• December 22, 2014

Emotion an enviable trait of high school athletes

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Posted: Friday, March 1, 2013 4:30 am | Updated: 4:39 pm, Tue May 28, 2013.

I will admit it. I am jealous of high school athletes.

But it is not for the reasons one might think.

It is not because they are almost two decades younger than me and most likely in better shape than I have ever been.

It does not have anything to do with the fact their best athletic years are still ahead of them, while mine reside in a time when they were still in training pants.

The reason I am envious of high school athletes is because of their ability to emotionally immerse themselves in a sport.

It occurs every year. Regardless of the sport, once the final game of the season is played, tears begin flowing, especially for seniors.

While it might be slightly embarrassing for some to be seen crying, I actually wish I had the ability to invest myself in something to a point it was capable of inflicting emotional pain. But I cannot. I am too old and too jaded.

The only thing capable of bringing me to tears nowadays would be something involving my family. I cried when my daughter was born, and I cried when my Mom was battling cancer. To weep over anything else seems senseless to me now.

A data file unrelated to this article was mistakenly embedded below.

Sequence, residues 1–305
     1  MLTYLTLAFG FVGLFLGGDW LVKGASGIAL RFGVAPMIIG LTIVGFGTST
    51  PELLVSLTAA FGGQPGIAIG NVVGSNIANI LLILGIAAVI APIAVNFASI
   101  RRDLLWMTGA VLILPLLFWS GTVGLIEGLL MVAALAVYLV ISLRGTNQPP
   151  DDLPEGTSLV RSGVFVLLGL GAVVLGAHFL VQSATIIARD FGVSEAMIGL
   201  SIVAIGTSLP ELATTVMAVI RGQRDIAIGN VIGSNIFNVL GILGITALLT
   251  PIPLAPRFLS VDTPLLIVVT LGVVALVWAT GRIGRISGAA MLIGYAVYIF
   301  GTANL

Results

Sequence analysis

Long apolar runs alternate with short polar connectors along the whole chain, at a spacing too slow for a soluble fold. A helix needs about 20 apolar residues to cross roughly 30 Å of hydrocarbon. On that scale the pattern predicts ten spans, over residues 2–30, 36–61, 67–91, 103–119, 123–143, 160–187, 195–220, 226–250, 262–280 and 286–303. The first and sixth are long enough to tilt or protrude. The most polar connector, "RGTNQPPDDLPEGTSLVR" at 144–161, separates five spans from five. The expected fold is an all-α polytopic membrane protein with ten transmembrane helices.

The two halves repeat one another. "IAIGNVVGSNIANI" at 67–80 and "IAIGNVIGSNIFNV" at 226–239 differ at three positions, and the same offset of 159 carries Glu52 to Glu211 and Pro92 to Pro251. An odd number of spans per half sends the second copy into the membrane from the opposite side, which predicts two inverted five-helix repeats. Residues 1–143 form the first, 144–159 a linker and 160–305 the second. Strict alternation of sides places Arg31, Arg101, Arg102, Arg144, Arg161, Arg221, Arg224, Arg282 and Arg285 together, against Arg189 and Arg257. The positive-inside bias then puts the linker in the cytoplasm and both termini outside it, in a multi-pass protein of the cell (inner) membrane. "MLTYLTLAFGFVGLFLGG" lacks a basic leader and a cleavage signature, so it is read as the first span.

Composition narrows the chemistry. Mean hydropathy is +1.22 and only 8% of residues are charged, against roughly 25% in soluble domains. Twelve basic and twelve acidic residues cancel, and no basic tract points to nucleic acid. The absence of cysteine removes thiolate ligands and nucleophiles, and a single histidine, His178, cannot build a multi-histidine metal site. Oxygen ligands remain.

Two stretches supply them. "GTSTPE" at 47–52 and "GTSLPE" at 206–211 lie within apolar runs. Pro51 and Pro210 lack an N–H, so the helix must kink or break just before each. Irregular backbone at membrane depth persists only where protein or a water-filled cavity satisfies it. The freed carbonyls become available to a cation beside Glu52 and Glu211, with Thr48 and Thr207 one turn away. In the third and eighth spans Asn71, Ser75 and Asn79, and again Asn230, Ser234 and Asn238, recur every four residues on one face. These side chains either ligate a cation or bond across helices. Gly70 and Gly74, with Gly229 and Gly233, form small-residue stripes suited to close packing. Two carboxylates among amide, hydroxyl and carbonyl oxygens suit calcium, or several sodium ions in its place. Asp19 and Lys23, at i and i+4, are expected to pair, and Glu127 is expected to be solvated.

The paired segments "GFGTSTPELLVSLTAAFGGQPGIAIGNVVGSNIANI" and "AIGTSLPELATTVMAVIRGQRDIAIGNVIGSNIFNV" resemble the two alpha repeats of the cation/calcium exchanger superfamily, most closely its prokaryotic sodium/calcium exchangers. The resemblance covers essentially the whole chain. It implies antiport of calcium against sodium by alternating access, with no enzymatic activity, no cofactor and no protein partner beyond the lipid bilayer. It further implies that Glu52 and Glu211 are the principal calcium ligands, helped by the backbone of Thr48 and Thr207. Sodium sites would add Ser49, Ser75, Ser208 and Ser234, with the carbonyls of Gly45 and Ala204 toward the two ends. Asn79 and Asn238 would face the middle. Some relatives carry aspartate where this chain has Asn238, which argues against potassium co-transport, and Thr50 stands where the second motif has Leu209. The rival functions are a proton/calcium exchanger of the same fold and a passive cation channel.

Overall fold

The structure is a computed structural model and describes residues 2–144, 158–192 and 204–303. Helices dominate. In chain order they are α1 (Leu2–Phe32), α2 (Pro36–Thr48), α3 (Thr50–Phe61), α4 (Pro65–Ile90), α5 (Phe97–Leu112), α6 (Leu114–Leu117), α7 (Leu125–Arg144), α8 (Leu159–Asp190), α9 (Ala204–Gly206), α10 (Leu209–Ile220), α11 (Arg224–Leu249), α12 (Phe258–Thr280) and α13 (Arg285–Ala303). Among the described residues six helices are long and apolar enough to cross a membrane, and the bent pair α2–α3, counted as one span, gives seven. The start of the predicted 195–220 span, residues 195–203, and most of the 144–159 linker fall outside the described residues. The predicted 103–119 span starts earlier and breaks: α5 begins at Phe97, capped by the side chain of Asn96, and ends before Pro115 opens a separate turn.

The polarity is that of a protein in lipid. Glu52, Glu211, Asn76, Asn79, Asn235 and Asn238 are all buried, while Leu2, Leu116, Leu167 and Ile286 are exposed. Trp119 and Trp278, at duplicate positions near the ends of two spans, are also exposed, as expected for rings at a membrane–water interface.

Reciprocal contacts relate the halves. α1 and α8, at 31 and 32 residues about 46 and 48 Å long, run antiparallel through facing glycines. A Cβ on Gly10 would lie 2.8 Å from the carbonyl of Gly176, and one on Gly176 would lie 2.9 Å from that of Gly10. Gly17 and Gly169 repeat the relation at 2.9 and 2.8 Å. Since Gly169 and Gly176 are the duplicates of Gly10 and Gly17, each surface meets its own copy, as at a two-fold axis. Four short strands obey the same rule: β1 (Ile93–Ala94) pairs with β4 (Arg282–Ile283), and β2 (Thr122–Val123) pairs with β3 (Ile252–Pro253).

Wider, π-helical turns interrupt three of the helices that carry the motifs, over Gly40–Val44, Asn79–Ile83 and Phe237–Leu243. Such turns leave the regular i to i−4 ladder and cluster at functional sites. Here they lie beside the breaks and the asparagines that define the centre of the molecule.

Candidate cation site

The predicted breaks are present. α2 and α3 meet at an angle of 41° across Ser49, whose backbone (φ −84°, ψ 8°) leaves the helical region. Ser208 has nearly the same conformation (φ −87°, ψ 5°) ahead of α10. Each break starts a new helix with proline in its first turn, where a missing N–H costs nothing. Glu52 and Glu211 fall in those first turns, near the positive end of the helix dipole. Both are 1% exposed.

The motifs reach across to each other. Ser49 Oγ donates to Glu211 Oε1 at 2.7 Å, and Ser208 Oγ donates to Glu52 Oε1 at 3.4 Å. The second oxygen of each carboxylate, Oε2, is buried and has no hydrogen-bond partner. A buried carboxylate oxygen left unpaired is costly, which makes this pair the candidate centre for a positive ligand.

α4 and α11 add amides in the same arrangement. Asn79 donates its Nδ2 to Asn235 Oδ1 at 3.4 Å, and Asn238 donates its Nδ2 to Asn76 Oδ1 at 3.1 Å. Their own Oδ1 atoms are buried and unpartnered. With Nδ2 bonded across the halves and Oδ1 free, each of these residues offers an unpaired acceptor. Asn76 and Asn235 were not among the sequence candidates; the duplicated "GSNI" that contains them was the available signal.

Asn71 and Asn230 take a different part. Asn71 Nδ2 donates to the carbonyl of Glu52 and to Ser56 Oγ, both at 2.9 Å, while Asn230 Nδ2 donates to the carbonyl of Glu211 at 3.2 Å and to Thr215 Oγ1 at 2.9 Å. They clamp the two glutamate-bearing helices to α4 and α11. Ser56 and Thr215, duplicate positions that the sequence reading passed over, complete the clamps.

Like high school athletes, though, I am committed to my job, but if it was taken away, I could not see myself becoming overly emotional about it outside of having concern over how I would pay bills and buy groceries.

It is not that I do not care about my job. After all, I spent countless dollars and hours to earn my journalism degree, and I am proud to be a sports writer. I just do not become emotionally entangled with it.

But I remember when other aspects of my life held much higher importance. I can recall being moved through sports at a younger age.

Athletes invest so much of themselves into their sports, it consumes them. Their schedules are constructed around practices and games. Hours spent together on busses and in the heat of competition transform teammates and coaches into friends, who then become extended family. Downtime revolves around finding new ways to hone their skills.

Unfortunately, outside of the rare few who are able to extend their playing careers into the collegiate or professional levels, high school is the ultimate stage and once the lights go off, they do not come back on.

Eventually, the “real world” comes knocking, and sports must take a backseat. Life broadens beyond basketball courts, football fields, softball diamonds and oval tracks.

Until the day arrives, however, athletes need to savor every moment they can spend participating in their sport. They need to dedicate themselves to the point it hurts once it is over. They should cry when a playoff run ends or a career comes to a close. It shows how much they care.

Coaches should feel pride when a player sheds a tear because it means they gave everything they had. It means they were devoted to the cause.

So, I will admit it. I am jealous of those who still have the ability to allow their emotions to overtake them, even if it is over something as simple as a sport.

Heck, I might even join a recreational basketball league, just so I can feel the agony of missing a game-winner.

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